Shattering illusions in the Jordan desert
On September 11, seven students embarked for Jordan to participate in the 2022 Udhruh excavation project in the Jordan desert, led by dr.ir. Mark Driessen. The ensuing fieldwork experience shattered his illusions.
If dr Driessen thought it would be difficult to arrive on time at the site so early in the morning, the students shattered that illusion. With the precision of a Swiss clock, the students waited for their staff every morning at 6:30 sharp, ready for a twenty-minute drive to Udhruh, located only 16km east of the world-famous site of Petra.
This year, the fieldwork campaign, called Power in the Sands: A Monumental Desert Gateway to the Roman World at Udhruh (Jordan), focussed on the east gate, or ‘exterior’ gate, of the Roman fortress. At this eastern gate of the Roman castra, three trenches were dug.
An atmosphere never in ruins
If dr Driessen thought that the hard labour of excavating those trenches in the heat of the sun would ruin the atmosphere, the students – once again – shattered that illusion. Thanks to several members of the team – experts in getting the mood going – the elated spirit of the excavation project never faded. Even when dr Louwen ordered the backfilling of one of the trenches located in front of the eastern gate – a task done at the very end of the campaign to prevent further physical deterioration of the site, but also a safety measure – the atmosphere could not be ruined and proofed to be rock solid.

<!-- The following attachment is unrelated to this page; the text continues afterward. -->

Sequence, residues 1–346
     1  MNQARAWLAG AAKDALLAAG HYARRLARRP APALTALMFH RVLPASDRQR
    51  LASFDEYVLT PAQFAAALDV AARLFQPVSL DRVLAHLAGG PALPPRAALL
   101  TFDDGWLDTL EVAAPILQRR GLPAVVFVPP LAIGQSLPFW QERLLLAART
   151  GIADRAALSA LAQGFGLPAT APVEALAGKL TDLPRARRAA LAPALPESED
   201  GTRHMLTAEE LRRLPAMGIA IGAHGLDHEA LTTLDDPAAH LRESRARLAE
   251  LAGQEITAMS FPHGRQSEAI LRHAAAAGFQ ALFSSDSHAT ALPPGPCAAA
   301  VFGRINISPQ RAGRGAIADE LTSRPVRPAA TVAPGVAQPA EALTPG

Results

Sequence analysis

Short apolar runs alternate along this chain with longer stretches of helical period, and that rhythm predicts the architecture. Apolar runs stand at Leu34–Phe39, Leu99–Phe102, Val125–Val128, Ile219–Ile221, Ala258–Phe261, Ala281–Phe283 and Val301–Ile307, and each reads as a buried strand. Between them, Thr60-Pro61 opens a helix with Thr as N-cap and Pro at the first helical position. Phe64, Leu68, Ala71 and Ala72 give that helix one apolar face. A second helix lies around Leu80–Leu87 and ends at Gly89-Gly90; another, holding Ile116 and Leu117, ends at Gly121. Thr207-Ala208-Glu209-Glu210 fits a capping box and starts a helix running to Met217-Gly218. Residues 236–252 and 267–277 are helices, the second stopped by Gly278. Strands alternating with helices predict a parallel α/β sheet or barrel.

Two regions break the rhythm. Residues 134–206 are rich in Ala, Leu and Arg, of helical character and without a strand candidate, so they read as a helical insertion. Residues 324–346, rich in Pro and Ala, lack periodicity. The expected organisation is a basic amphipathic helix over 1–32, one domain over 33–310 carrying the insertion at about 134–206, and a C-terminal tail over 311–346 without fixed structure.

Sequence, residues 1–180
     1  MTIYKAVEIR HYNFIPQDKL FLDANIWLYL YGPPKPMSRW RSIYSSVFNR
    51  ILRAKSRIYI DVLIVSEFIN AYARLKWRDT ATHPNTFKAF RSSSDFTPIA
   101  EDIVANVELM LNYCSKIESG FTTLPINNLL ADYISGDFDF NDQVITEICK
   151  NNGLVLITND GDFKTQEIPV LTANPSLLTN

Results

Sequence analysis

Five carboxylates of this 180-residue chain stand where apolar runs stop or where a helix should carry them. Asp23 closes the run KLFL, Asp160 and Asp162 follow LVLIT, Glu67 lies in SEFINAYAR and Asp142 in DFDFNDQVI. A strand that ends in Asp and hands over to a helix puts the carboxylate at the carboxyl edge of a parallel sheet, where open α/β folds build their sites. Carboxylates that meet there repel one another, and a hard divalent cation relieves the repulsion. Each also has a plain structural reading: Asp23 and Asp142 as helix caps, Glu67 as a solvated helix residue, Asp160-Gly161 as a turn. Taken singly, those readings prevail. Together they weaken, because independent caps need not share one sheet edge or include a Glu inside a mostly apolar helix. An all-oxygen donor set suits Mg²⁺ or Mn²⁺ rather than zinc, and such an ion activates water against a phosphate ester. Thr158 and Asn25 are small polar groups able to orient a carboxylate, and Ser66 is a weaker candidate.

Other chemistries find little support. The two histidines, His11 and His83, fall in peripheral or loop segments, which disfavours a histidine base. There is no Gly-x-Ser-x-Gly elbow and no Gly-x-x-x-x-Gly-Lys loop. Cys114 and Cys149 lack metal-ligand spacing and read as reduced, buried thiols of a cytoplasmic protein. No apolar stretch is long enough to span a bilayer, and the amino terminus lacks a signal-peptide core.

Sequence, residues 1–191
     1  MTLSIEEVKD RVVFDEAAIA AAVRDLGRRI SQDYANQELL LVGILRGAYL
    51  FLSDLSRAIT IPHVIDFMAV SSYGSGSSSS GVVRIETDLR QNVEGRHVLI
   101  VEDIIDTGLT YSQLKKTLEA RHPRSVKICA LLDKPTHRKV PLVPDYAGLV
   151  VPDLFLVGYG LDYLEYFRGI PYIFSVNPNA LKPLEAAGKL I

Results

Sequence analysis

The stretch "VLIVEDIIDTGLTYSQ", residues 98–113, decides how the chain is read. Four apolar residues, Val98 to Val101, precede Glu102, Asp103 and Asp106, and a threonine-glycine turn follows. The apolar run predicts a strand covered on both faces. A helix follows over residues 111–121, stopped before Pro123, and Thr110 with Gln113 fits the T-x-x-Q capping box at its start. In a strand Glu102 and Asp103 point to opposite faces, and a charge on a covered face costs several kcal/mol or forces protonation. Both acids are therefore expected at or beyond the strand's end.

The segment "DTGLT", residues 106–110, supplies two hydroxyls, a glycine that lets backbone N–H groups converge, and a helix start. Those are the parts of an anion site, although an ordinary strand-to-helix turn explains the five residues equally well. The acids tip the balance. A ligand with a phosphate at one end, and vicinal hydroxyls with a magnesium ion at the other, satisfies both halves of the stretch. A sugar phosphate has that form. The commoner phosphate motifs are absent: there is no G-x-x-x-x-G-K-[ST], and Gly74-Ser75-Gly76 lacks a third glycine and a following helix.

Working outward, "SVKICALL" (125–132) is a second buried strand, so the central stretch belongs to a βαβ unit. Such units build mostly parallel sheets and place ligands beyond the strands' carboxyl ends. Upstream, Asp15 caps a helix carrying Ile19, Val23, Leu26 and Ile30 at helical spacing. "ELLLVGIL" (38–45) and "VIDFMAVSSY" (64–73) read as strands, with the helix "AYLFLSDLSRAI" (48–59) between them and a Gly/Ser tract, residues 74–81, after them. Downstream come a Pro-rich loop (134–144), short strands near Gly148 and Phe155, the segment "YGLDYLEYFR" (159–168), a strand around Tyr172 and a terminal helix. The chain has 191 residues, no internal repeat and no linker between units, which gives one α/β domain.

If dr Driessen thought that the Roman castra already revealed all its secrets, this year’s campaign certainly shattered that illusion. On September 29, two fetal skeletons were discovered in trench 2, just outside the eastern gate and approximately on the same level as the flagstones located in trench 1 on the other side of the wall. Both skeletons were preserved in excellent condition, but further research is needed to assess the nature of their deposition at particularly that location.
If the students thought that lecturers are always shrouded in academic seriousness, the staff shattered that illusion. Dr Abudanah already demonstrated the keen urge for telling jokes, stories and word games, but the acme of funny behaviour from the executive side can without a doubt be ascribed to dr Louwen. As a result, the team burst into laughter frequently, further instigated by a team member with a very infectious laugh.
The Udhruh Archaeological Project 2022 was not only hard labour in the desert, it was perfectly balanced with laughter, jokes, stories on intangible heritage, tourist visits and excellent food. Bas, Jackie, Manisha, Marit, Natalie, Tatiana, and Wouter would like to thank dr. Driessen and all the staff members for this unforgettable experience as well as the Jordanian staff members for their hospitality.
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